Smokey Robinson health: How the 82-year-old scraped through deadly Covid battle
Dr Amir Khan discusses 'variant proof' coronavirus vaccine
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Today, The Tracks Of My Tears singer, is entertaining thousands of people through his incredible live music. But there was a real fear he might never make it back to the stage when he contracted the disease in December 2020 and was forced to spend 11 days in acute care at a Los Angeles Hospital. He said the disease “took” his voice.
Doctors actually told him that he survived because of the amount of fitness he did – despite being in the most vulnerable category at the time.
He told DailyMail.com: “I am a Covid survivor.
“I got it severely and I was hospitalized for 11 days, and four or five of those I do not even remember.
“It really was touch and go and a terribly debilitating ailment.
“I was not sure that I would ever be able to sing again because it took my voice. I could barely even talk.”
Despite his survival, the comeback was not easy. He explained how he became “afraid” to sing.
Getting his vocal cords back required hard work but he was determined as singing was something he had wanted to do his whole life.
The star shared how, before he had Covid, he was doing two to three workouts a week and yoga for 40 years.
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Being active has been shown by studies to be an important factor in determining how people fare with the disease.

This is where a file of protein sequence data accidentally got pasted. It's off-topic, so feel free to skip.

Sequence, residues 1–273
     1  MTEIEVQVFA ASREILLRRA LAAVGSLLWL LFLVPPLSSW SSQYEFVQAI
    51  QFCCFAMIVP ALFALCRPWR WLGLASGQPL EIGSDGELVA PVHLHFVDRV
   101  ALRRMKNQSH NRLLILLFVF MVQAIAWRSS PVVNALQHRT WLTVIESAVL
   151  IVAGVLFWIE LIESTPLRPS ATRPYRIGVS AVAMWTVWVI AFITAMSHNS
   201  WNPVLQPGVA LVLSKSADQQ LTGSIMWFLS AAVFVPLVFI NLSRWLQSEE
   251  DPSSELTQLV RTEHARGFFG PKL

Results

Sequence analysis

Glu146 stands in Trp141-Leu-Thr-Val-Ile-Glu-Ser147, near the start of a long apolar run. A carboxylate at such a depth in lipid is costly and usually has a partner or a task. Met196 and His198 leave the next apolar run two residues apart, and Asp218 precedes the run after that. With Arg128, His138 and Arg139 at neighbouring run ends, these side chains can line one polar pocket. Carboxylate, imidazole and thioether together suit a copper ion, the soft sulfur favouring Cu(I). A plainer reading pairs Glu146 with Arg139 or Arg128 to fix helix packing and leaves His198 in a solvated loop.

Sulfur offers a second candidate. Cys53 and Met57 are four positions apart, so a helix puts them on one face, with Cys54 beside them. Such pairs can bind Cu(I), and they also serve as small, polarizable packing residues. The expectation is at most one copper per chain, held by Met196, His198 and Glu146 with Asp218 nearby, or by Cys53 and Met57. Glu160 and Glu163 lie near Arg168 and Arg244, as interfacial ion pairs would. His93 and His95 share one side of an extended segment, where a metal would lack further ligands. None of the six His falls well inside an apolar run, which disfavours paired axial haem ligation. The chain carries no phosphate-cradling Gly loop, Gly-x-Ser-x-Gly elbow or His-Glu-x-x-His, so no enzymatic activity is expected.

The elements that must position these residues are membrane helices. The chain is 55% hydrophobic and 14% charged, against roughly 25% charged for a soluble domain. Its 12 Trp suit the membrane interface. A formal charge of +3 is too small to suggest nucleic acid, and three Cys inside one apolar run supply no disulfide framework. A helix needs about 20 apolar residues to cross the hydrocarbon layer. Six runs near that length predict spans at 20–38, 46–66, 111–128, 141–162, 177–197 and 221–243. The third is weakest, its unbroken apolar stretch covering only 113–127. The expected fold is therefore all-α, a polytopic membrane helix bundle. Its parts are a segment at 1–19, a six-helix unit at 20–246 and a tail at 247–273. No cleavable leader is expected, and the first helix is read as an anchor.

According to a study by the British Medical Journal, test subjects who were consistently physically inactive had a higher risk of being hospitalised by the condition.
Covid vaccinations have also been shown to help prevent hospitalisations from the virus.
However, it is still possible to become infected and have symptoms from the illness.
Research conducted in Norway and published in the journal Eurosuveillance found eight symptoms of Covid in people who were already vaccinated.
In the study, 89 percent of participants had received two doses of a Covid vaccine.
Yet they still experienced the following symptoms:
- Runny nose
- Sore throat
- Muscle pain
The NHS, however, explains that “for most people at high risk from COVID-19, vaccination has significantly reduced this risk”.
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